Curly-Coated Retriever

cerly coated retrieverCurly-Coated Retriever History:

The Curly Coated Retriever originated from England for upland bird and waterfowl hunting. It is the tallest among the retriever breeds.  It is usually called “Curly” because of its’ distinct feature of massive but tight curls covering its body. Curly Coated and Wavy-Coated, which is commonly called as Flat-Coated Retriever, were both recognized as retriever breeds in 1860.


The Curly-Coated Retriever is known to be sporty and active that is accredited for its well-muscled feature. It is well-balanced and responsive, with great endurance, strength, and grace. A well-bred Curly-Coated Retriever will appear slightly leggy but is actually slightly longer than tall. Curlies are soft-mouthed because it has the ability to regularly handle the game with care. It shows an average height for a male dog that can be between 25 and 27 inches (64 and 69 cm) at while for a female dog can be between 23 and 25 inches (58 and 64 cm).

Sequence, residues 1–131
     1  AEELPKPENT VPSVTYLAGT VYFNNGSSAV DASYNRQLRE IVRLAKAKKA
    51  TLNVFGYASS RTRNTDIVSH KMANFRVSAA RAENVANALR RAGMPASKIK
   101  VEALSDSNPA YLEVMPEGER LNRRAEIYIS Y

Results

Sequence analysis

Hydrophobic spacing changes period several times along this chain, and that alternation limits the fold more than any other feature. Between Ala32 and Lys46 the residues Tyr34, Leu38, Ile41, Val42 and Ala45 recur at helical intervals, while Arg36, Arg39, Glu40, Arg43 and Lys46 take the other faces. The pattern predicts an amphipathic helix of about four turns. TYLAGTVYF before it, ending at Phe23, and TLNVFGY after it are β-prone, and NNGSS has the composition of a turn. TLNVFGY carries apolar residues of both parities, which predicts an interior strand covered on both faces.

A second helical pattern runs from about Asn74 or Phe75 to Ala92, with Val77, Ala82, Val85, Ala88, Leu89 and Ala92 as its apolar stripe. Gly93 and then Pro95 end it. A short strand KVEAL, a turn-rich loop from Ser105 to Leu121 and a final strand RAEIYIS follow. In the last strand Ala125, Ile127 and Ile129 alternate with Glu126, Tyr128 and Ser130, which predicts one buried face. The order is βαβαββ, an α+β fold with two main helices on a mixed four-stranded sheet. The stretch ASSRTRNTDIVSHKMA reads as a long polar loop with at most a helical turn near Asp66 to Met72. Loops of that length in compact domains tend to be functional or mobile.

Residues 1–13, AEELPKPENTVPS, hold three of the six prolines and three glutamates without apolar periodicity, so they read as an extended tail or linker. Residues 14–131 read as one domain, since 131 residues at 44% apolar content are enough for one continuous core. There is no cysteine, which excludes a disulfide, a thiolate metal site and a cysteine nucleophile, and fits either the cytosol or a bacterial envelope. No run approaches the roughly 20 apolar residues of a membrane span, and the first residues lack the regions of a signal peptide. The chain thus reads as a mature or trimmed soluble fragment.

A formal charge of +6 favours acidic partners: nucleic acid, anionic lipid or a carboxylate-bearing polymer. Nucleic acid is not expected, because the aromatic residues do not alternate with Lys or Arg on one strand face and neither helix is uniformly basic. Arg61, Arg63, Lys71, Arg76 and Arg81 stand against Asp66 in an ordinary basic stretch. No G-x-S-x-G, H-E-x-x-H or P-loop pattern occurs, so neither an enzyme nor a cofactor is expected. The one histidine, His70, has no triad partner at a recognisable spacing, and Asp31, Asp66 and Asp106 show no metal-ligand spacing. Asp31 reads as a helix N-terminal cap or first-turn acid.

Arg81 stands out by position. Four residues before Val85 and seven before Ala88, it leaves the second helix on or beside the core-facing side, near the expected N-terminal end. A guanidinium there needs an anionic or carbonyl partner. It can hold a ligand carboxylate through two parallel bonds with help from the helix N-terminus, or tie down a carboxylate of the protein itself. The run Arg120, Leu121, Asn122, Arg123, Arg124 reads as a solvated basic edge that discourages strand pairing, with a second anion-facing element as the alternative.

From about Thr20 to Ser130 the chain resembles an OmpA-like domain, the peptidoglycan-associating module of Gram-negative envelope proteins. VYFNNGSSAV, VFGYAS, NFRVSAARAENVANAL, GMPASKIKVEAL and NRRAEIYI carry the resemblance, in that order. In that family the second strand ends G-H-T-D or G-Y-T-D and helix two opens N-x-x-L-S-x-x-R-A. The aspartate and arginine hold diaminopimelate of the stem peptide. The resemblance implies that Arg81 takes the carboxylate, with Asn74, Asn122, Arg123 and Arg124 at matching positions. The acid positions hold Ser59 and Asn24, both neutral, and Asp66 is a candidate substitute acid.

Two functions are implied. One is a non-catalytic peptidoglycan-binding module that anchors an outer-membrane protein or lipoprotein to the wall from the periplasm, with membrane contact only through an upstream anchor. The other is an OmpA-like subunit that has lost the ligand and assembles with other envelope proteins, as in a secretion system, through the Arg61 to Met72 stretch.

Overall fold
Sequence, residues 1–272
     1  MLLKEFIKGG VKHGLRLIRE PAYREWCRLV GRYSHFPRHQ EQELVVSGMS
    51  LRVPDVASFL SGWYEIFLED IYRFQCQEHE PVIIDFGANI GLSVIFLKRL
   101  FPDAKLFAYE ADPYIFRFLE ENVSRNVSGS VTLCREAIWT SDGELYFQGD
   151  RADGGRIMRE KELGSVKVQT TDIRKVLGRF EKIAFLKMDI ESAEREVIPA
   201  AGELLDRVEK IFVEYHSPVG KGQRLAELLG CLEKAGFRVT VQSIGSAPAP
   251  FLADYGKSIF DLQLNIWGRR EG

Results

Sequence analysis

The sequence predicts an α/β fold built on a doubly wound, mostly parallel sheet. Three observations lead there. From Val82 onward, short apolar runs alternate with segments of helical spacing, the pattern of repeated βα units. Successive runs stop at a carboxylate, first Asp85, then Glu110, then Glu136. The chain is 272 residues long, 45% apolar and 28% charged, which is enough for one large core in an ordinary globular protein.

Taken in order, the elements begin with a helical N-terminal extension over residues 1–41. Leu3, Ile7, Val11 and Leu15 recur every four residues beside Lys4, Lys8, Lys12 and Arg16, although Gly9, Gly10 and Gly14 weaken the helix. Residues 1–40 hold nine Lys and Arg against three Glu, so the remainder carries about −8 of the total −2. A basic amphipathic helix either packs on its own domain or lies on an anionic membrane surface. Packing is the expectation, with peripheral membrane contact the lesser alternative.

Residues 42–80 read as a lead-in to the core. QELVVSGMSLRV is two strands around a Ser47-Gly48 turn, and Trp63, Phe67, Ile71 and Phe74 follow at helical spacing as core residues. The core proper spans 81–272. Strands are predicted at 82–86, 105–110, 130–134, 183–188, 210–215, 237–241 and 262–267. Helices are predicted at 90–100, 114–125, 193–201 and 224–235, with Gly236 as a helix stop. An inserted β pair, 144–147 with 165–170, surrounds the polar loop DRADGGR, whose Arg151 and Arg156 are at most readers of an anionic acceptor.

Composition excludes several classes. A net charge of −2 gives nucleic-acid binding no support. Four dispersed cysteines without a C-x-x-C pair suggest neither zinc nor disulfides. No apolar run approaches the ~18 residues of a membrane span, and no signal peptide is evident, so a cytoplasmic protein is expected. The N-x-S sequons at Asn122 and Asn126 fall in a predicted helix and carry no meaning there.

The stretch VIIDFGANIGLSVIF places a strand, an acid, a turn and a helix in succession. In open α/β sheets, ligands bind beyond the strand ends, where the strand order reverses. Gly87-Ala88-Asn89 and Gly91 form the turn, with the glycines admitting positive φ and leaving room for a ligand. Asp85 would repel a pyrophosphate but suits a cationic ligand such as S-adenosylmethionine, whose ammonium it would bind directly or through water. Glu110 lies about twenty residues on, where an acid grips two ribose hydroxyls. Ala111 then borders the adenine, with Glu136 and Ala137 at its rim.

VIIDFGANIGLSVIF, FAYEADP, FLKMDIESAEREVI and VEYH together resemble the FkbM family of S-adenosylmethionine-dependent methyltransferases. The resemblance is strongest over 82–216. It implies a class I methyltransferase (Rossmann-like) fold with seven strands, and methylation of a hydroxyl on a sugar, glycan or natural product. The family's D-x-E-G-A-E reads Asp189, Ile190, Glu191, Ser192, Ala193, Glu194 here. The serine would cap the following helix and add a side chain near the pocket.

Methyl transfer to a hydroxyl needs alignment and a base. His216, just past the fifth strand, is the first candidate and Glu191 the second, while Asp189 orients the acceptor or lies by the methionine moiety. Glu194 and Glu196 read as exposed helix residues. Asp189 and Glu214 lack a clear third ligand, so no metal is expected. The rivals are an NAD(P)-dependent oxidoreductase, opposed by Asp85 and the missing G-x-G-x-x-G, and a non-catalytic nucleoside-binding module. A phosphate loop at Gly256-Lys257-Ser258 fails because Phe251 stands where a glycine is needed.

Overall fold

The breed sports a coat of tight and crisp curls. The common colours are solid black and solid and only acceptable colours for the Curly Coated Retriever are solid black and solid dark brown. In some conditions, white hairs are permissible, but white patches are a serious fault. Colors of their eyes are either black or brown. The dog’s nose pigment usually blends with the color of the coat.


The Curly Coated Retriever was originally trained as a gun dog in which temperament and conformation reflect this purpose. Curlies are considered to be the best companions of bird hunters in both upland and waterfowl hunting. Like most retrievers, they are valued for being lively and fun-loving breed. Getting enough exercise can keep them calm and laid back in the home environment.

When you associate Curlies to strangers, they can be a little bit skeptical.  His loyalty and affection are focused only in their owners and family. They are extremely intelligent, so it can be easily get bored in a repetitive training. Knowing how to  work hard and intelligently obey, Curlies can competitively secure their 41’st rank in Stanley Coren’s The Intelligence of Dogs.


Average life expectancy is 9 to 14 years.  However, Curlies can live longer from 15 to 17 years of age.  Like other breeds, they can be susceptible to diseases such as bloat, cancer, cardiac problems, epilepsy, exercise-induced collapse (EIC), glycogen storage disease (GSD), and hip dysplasia.  Eye problems include cataracts, corneal dystrophy, distichiasis, entropion, or retinal dysplasia.